- The next alternative is an experienced guitar repair person who specializes in vintage acoustic guitars. These repair experts emphasize restoration and repair without altering the intention of the original build. Often they will use traditional glues and will try to use original finish materials.
Note: if your lute is seriously damaged, save all the pieces!
Shipping lutes: basic considerations
If you are far from a reputable builder or repair person consider this:
- You need to ship your instrument and it will be expensive. You will need to pay shipping to and return shipping. Here are some recent (as of early 2022) shipping costs from Michigan to various destinations in the U.S.: $75 to Cleveland, $90 to Pennsylvania, $110 to Miami, $125 to Colorado, $130 to Los Angeles. Shipping from coast to coast and back costs $400.
- Try and find someone close to minimize shipping costs. Longer distance also means a higher risk of damage from multiple transfers.
- The major carriers are for the most part equivalent in timeliness. Endpoint delivery quality will vary from locale to locale. Some carriers have local contractors do endpoint deliveries, some will be more conscientious than others.
- To avoid lazy drops ( at the wrong location, left in the open for theft , being tossed over a fence etc.) always require a signature for the drop off.
In the process of this consideration, ask yourself is my instrument worth it to insure and ship?
- If you have an inexpensive lute consider the fact that the cost of shipping, insurance, plus the cost of repairs may exceed the value of instrument. Nonetheless, a beloved old lute may be worth it, when compared with the price of a new lute.
- Insurance is approximately 1% of the declared value, so if your instrument cost you $5,000 you pay $50 insurance. But: that’s for one way shipping, so you will pay 2% for round- trip shipping.
Following a few basic principles will help prevent accidents and mishaps that result in the need for repair:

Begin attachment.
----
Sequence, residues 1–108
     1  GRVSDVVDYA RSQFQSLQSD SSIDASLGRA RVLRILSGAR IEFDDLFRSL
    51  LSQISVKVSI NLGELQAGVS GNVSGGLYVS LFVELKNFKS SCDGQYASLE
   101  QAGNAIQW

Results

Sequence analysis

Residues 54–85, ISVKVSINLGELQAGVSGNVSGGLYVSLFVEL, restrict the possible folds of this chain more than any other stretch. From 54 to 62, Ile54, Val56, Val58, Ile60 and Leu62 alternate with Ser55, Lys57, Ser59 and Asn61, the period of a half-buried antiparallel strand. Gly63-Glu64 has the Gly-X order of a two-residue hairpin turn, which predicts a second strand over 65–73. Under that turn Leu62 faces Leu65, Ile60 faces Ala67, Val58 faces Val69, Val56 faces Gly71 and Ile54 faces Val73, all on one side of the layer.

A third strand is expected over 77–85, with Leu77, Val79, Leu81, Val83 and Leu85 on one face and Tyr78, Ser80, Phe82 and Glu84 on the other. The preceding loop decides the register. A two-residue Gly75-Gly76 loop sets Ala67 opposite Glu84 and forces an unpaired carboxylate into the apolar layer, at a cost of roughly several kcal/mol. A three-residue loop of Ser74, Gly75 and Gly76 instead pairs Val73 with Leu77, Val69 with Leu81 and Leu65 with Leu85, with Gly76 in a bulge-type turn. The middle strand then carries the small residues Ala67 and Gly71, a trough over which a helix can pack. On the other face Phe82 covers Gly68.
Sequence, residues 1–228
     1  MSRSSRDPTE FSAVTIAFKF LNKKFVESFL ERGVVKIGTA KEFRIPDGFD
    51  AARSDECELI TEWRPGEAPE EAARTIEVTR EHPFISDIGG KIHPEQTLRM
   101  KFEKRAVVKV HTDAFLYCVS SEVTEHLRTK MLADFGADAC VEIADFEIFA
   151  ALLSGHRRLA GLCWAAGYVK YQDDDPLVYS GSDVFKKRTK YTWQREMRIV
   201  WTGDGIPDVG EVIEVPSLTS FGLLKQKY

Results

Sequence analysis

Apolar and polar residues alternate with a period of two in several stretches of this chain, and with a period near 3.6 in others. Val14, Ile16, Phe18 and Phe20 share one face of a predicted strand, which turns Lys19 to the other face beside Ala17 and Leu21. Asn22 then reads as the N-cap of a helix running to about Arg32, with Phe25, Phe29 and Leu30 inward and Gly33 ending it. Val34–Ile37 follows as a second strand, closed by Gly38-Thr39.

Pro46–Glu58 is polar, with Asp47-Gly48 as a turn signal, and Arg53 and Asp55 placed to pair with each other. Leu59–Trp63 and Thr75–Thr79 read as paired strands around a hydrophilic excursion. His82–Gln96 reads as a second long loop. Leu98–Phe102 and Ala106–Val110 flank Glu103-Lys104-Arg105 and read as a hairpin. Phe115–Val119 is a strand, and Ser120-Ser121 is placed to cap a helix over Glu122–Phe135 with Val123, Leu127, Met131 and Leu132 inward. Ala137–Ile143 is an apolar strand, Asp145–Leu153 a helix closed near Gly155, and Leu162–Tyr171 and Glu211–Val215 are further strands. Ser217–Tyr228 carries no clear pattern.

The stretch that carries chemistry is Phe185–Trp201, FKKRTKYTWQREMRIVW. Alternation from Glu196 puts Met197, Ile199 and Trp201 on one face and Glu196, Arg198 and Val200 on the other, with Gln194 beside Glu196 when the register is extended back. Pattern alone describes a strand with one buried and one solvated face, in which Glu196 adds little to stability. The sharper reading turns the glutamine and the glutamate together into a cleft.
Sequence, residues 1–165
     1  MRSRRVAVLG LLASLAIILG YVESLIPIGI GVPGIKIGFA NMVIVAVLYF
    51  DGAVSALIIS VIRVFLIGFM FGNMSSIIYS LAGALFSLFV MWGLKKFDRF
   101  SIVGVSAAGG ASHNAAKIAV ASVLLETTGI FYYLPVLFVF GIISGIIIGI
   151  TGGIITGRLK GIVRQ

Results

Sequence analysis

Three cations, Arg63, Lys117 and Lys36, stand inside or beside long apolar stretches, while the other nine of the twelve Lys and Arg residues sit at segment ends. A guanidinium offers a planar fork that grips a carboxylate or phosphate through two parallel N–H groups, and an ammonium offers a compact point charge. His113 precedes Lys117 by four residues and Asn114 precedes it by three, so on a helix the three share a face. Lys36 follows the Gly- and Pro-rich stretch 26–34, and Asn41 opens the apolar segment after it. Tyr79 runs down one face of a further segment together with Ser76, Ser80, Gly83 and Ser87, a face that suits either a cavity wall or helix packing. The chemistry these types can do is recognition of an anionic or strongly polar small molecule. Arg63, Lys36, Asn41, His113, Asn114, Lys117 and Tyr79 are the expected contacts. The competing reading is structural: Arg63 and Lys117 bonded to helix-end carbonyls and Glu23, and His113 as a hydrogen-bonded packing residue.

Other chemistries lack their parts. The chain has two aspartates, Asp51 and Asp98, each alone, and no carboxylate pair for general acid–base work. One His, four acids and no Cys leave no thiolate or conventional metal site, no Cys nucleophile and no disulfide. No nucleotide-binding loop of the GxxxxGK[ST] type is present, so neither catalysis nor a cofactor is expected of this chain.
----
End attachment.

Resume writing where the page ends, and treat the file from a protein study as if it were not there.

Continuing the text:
Plenty of things can go wrong with a lute that are not the owner’s fault, but also plenty that can be avoided. For the all the things that go wrong, having instrument insurance is a must, since repairs can be very expensive.
- Maintain indoor humidity in winter time. This will avoid cracks, bridges coming off, the top lifting up, peg boxes and braces coming loose, etc.
- Never leave a lute in direct sunlight, or in a car, or near a heat source, whether in or out of its case. Intense cold can also cause damage.
- The best practice is to put a lute back in its case with the lid down and at least one latch closed when you are not playing it. Try to avoid putting a lute down on a chair seat, on the floor, or especially leaning against a wall or furniture.
- Avoid “multi-tasking” with a lute in hand (adjusting a music stand, looking for mislaid music, etc.). Moving about with lute in hand runs the risk of the lute colliding with doors, furniture or other objects.
- When in a crowded rehearsal room, or on stage with other musicians, think defensively. The odds are that somebody will be walking by carrying a music stand or a chair aimed right at your lute, so be alert and ready to turn your lute out of the way.
- Be especially careful going up steps (e.g., leading to a stage) and when lighting is poor. If possible keep the lute case close to where you are sitting.
- If a church pew, for example, is designated as a safe place to leave instruments out of their cases, don’t believe it. Someone will sit down without looking.
Instructions for packing a lute for shipping
Courtesy of James Louder
If you decide to ship your lute for repair, here are the instructions used by the LSA rental program:
- Procure a sturdy, clean cardboard box big enough to hold the lute in its case with about 3.8 cm (1½ in.) of clearance all around. UPS charges by the size of the box, so try not to use a bigger box than necessary. For a typical Renaissance lute, a box 36x20x18 in (92x50x45 cm) should be adequate. Cut the box down to an appropriate size, if you have to, and reinforce the cut lines with plastic shipping tape or duct tape.
Obtain enough packing material to pack the lute as described below; also, a roll of 2 in. (5 cm) clear plastic shipper’s tape, a bold, black marker, and a disposable box-cutter.
Before beginning to pack the lute, photograph it from the front, the back, and in profile; also details of the pegbox, the neck-to-body joint, and the butt. These photos will be an invaluable record if, in spite of your best efforts, the lute is damaged in shipment, and you have to file a claim.